Anders Behring Brievik insists on wearing a red Lacoste sweater on trips outside of prison, and the French label isn’t happy.
Norwegian daily Dagbladet reports that executives at Lacoste have written to authorities in Oslo demanding that the 32-year old leave his alligator logos in his cell block. A spokesman with the Norwegian police told the paper: “The company feels that such a man sporting their clothes could do considerable harm to their reputation.”
Breivik, who killed 77 people during twin attacks in Norway on July 22, identifies strongly with the French luxury brand. He referenced Lacoste in his infamous 1,500-page manifesto, saying it “makes it possible to act as an educated European of the conservative character.” The manifesto also contained an image of Breivik wearing a black Lacoste sweater. He wore a red Lacoste sweater to his first court appearance on July 25, and the alligator logo is clearly visible in the photos that show Breivik in the back of a police vehicle. French newspaper Liberation views the association with a mass murder as a serious problem. “This situation is clearly a nightmare for one of France’s most distinguished clothing companies,” it says.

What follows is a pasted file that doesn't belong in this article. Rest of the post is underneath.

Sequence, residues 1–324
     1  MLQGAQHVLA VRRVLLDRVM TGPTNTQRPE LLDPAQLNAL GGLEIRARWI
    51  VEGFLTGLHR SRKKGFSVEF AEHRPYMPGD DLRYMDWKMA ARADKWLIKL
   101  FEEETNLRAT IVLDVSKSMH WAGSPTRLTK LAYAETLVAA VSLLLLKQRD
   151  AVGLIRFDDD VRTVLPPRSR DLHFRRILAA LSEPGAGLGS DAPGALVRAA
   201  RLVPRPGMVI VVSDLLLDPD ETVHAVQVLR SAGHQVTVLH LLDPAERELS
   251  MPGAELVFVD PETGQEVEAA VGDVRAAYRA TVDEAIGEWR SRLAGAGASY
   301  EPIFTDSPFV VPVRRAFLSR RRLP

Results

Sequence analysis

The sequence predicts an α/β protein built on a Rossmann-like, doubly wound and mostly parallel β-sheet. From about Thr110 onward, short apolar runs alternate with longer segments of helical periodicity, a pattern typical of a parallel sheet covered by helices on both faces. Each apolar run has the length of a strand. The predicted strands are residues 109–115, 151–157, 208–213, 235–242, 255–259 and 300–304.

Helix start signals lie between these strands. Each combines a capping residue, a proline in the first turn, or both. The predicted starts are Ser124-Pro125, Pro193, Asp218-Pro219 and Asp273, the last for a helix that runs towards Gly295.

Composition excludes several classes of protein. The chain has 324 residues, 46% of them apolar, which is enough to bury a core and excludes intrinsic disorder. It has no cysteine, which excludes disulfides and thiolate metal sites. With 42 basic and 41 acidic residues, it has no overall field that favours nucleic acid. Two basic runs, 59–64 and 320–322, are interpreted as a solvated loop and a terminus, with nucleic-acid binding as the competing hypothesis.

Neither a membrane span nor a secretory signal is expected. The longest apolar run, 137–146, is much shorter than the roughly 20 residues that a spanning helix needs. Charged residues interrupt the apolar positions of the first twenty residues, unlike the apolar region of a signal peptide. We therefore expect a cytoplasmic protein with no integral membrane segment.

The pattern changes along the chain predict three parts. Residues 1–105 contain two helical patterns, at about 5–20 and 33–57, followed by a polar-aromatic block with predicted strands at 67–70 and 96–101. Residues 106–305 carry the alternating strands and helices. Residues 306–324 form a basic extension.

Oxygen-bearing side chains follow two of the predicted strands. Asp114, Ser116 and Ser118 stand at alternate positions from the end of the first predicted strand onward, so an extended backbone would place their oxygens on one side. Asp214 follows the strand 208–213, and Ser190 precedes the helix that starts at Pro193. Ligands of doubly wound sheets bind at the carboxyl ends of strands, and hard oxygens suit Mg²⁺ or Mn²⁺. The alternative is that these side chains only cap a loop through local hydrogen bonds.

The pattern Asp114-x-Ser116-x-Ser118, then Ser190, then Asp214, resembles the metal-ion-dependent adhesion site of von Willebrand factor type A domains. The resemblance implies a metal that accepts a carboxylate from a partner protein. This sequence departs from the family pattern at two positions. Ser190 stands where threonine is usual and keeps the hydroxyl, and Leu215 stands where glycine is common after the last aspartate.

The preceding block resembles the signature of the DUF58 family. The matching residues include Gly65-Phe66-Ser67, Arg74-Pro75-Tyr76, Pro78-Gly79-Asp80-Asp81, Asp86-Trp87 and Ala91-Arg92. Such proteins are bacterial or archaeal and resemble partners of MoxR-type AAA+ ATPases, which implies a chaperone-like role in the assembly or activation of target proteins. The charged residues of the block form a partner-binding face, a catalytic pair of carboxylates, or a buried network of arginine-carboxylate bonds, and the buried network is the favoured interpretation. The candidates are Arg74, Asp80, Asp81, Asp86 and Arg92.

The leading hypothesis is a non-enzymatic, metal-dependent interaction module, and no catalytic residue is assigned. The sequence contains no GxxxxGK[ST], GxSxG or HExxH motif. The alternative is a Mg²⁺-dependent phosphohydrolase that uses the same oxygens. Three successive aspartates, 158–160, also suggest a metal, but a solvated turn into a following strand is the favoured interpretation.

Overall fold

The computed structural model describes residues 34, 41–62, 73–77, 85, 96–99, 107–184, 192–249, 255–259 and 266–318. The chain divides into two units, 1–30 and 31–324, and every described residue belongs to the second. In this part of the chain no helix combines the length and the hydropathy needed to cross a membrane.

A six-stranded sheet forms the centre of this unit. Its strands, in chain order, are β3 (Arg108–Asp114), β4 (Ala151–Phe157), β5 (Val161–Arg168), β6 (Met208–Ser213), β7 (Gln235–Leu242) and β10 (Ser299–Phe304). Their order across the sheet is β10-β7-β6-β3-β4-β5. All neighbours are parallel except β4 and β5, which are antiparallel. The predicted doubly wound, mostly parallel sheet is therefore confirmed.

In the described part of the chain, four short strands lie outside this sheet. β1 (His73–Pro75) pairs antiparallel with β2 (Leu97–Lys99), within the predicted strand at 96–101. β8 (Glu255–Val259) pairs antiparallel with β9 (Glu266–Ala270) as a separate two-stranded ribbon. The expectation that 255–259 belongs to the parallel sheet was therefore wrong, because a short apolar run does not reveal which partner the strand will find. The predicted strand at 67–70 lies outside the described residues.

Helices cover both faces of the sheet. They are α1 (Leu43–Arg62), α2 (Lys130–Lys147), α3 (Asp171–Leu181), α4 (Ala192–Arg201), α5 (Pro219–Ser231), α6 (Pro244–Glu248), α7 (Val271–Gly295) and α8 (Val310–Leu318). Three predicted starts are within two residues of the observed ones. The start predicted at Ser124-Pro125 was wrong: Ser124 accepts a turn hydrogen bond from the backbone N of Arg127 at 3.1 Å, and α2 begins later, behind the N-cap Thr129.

Complaining about brand dilution seems pretty petty in the aftermath of a massacre. As such, Lacoste waited until recently to broach the issue with Norwegian police. The day after Breivik’s July 25 court appearance, Swedish newspaper Resume sought comment from Arnaud Leblin, Lacoste’s communications director, on Breivik’s fondness for Lacoste. He declined to comment and said that his thoughts were “with the families of the victims.”
As word spreads that Lacoste has sought action—making even more people become aware of the association—officials may be wishing they’d simply stuck with that line.